12 Responses to Some CRU Anomalies

  1. Nick Stokes says:

    I have done some analysis of the Had3 2011 data compared with Had4.6. What is clear is that Had 3 had gross errors that were corrected in later versions, and I think you are finding some of those. Maybe the correction did help to change some trends.

    There are 4791 stations that are common to both, and I looked at these over the years 1991 to 2010. There were a total of 397076 station-months of shared readings – ie reported in both. Of these 317654 (80%) were completely unchanged. Another 7.5% were within 0.2C. That leaves about 12.5% with larger changes. Clearly there is no mass adjustment.

    I haven’t got far yet with characterising that 7%, but I noted first the max difference, which was 70C. That was for an arctic station Isachsen, which reported a September value of -78.9C in Had3. Had4.6 put this at -8.9, which is much more reasonable. Typo. The next largest was at Thule, N Greenland in April 1995, which Had3 said 23.3C. Had4.6 corrected this to -23.3C.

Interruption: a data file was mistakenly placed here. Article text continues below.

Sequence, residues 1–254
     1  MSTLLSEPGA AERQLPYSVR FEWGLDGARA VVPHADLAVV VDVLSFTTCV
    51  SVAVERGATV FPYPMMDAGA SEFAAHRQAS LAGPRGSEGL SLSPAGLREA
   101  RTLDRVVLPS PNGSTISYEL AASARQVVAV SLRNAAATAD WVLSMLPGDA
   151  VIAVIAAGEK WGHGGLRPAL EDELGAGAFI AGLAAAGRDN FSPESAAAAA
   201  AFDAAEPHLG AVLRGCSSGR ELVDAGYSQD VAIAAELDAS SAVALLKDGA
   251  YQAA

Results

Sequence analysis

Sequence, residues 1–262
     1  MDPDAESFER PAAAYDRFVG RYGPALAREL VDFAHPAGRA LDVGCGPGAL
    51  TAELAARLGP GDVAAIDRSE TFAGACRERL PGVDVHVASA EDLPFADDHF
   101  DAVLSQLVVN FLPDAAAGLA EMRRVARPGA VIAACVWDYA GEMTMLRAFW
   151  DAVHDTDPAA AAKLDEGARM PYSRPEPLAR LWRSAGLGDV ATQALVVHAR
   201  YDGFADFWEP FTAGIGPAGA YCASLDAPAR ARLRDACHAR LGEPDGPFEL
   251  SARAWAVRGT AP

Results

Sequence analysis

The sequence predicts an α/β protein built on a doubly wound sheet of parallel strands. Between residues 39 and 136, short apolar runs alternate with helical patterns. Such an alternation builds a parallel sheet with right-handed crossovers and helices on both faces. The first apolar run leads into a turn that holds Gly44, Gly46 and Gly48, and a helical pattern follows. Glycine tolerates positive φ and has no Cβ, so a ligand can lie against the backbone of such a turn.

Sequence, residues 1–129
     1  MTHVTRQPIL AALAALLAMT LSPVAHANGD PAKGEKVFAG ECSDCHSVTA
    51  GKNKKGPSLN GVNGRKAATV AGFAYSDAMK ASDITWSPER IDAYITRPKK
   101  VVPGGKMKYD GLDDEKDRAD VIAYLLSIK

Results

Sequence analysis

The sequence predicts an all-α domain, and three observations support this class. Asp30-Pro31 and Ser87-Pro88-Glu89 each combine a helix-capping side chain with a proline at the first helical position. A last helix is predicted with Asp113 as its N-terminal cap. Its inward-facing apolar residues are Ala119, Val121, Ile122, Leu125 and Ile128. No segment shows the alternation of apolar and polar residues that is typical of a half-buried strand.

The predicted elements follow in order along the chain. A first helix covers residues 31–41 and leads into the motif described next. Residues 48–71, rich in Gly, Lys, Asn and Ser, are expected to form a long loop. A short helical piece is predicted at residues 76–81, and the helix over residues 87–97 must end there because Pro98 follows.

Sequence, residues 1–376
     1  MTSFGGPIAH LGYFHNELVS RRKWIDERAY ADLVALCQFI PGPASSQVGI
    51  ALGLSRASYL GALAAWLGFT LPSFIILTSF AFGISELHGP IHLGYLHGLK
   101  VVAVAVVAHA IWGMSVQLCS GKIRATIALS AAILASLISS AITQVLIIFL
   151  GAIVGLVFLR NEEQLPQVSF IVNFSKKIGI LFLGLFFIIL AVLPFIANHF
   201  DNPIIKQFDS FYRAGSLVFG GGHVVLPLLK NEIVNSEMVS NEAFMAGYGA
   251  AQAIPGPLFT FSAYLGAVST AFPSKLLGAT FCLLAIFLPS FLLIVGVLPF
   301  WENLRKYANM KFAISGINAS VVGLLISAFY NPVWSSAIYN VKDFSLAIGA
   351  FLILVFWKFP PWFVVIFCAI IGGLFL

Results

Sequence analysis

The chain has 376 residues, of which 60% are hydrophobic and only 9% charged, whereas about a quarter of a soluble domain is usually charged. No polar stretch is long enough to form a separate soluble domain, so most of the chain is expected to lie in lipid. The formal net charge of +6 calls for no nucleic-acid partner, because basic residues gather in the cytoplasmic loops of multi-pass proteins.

Summary – I think where the data overlapped, there was generally no change. Some data did vary throughout; I suspect that will often be a change of supplier. And some data had gross errors, so far seeming to be in Had 3.

    • Clive Best says:

      Thanks Nick,

      It looks like some of these old files were written by hand. What is still not clear to me at least is how they were generated. I remember when that when I looked at this years ago that some 100 stations simply changed IDs. The list is here

      I expect that you are right and many errors were corrected with CRUTEM4. However, it was not just HadCRUT which sowed the pause. I think GISS and NCDC showed it in 2012 as well.